Plaintiff alleges that V. Freese searched plaintiff's cell in retaliation for plaintiff's having filed grievances. To state a claim for retaliation, plaintiff must allege that on a specified date an individual state actor took adverse action against plaintiff for his engagement in a constitutionally protected activity and the adverse action chilled plaintiff's exercise of his rights and did not reasonably advance a legitimate penological goal. Rhodes v. Robinson, 408 F.3d 559, 567-68 (9th Cir. 2005); Rizzo v. Dawson, 778 F.2d 527, 531-32 (9th Cir. 1985). Plaintiff does not allege whether or how V. Freese knew that plaintiff had filed grievances or when the search occurred. Neither does he allege that there was no legitimate penological reason for the search. He therefore fails to state a claim.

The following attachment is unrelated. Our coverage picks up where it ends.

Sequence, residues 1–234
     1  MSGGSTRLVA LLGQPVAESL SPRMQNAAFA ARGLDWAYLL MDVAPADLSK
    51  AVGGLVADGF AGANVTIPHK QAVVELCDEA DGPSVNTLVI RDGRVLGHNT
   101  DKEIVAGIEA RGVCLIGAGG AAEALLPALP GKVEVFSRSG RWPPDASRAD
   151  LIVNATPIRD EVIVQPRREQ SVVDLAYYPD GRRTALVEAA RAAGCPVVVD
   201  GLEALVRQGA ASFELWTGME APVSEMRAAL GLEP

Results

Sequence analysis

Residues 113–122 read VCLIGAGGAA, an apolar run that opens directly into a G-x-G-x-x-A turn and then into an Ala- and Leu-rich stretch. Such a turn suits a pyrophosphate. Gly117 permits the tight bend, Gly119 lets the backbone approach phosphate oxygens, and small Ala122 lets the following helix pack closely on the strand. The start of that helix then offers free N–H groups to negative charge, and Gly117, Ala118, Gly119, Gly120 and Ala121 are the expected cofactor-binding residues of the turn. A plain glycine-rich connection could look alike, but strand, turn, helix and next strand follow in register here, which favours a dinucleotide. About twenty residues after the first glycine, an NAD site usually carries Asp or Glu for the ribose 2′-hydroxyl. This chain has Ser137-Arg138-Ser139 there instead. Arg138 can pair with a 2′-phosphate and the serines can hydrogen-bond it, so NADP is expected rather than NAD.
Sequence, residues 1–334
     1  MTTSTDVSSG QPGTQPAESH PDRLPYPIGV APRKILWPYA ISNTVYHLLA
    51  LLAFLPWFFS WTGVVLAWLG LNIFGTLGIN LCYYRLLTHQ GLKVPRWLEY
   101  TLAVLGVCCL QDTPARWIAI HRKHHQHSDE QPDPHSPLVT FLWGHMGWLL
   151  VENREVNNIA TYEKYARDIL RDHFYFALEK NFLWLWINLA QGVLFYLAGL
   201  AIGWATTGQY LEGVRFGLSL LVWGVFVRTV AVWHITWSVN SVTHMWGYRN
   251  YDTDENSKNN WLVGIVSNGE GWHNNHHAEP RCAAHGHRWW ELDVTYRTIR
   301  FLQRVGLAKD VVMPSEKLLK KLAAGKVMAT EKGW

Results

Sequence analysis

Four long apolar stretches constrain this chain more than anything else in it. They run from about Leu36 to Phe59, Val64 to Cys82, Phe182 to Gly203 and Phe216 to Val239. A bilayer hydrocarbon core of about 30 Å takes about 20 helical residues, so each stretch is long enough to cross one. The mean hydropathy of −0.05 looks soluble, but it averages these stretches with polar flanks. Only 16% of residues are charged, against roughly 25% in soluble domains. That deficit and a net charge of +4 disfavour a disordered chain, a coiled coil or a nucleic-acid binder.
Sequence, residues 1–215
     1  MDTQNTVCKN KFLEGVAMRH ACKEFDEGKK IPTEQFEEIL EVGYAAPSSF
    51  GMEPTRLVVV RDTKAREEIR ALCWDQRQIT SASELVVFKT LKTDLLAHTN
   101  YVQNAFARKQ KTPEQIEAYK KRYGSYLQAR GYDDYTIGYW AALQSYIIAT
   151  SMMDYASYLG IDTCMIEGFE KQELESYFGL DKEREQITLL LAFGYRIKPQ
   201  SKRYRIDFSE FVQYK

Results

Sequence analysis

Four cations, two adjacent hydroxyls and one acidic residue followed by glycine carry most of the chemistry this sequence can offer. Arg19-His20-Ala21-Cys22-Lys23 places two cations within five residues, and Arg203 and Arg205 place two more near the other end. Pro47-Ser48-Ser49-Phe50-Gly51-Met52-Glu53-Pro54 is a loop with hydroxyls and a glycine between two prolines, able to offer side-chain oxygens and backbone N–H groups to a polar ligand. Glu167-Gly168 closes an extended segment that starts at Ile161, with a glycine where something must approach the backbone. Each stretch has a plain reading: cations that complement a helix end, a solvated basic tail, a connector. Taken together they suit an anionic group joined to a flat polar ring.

Plaintiff also failed to state a claim that defendants have discriminated against him because of his nationality. His only specific allegation is that Kromann discriminated against plaintiff because he is of Mexican descent and speaks Spanish. The Fourteenth Amendment's guarantee of equal protection is a command that states treat similarly situated persons alike. City of Cleburne, Tex. v . Cleburne Living Center, 473 U.S. 432, 439 (1985) (per curiam). To state a claim for the violation of equal protection, a plaintiff must allege defendant intentionally discriminated against him based upon membership in a protected class." Barren v. Harrington, 152 F.3d 1193, 1194 (1998). Plaintiff asserts that Kromann refused to accurately translate the needs of Spanish-speaking prisoners, including himself, thereby interfering with plaintiff's receipt of medical care. Plaintiff does not allege that he needed interpretive services or that Kromann spoke and understood Spanish well enough to provide such services. Neither does he allege that he singled out Spanish-speaking or Mexican prisoners for the allegedly discriminatory activity, i.e., denying and interfering with the provision of medical care. Therefore, plaintiff fails to state a claim.